It’s an interesting little bit of meta-analysis, really, which raises some questions about why certain major theories are accepted both in and outside of those educated in physics, why some of those are more accepted within the subset, and why other theories are considered equally less likely, regardless of education. It is likely that “insiders”, as it were, have a firmer basis in the fundamentals of physics and so they are better able to evaluate the theories themselves, which would explain the variation between the insiders and outsiders on certain topics. But I don’t think there is anything about the Higgs boson, or inflation, or WIMPs which differentiates them from the other theories that makes them less comprehensible to those with a physics background.

And since this is a non-rigorous, loosely defined survey, I wouldn’t really want to try to draw any significant conclusions from it. But it is interesting to get a general picture of how various theories are viewed and accepted within the physics community as a whole, and amongst the larger population of laypeople who are interested in modern advancements in the science.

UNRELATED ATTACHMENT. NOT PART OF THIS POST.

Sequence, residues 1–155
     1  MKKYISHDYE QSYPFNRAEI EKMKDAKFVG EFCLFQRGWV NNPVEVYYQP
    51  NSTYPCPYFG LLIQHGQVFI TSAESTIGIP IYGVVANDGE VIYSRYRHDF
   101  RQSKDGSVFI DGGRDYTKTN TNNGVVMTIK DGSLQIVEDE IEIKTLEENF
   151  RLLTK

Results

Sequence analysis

Update 2/11/2011: Over 100 people have commented now.

Inflation SuSy Strings Higgs
Avg Std Dev Avg Std Dev Avg Std Dev Avg Std Dev
Everyone 66.79 28.63 44.07 30.24 30.52 30.47 76.96 27.41
Physics Background 71.43 22.13 45.56 27.99 25.37 26.83 85.32 20.61
Difference 4.64 -6.5 1.49 -2.25 -5.15 -3.64 8.36 -6.8
large xtra D WIMPs non-CC exp
Avg Std Dev Avg Std Dev Avg Std Dev
Everyone 11.76 20.01 58.41 29.36 27.74 28.38
Physics Background 8.54 14.67 60.84 25.48 25.07 25.01
Difference -3.22 -5.34 2.43 -3.88 -2.67 -3.37

Compiled likelihoods of several physics theories, based on predictions given by commenters at Cosmic Variance

Compiled likelihoods of several physics theories, based on predictions given by commenters who indicated an educational/professional background in physics at Cosmic Variance

The ebb and flow of battle

For as long as humans have been describing warfare and battles we have described the ebb and flow as first one side and then the other gains the upper hand, pushing their opponent back across the battlefield (or, in the larger picture, across the map.) However, I don’t think any accounts of such events have ever really lent themselves to a true understanding of just how battle lines can shift within the duration of a fight.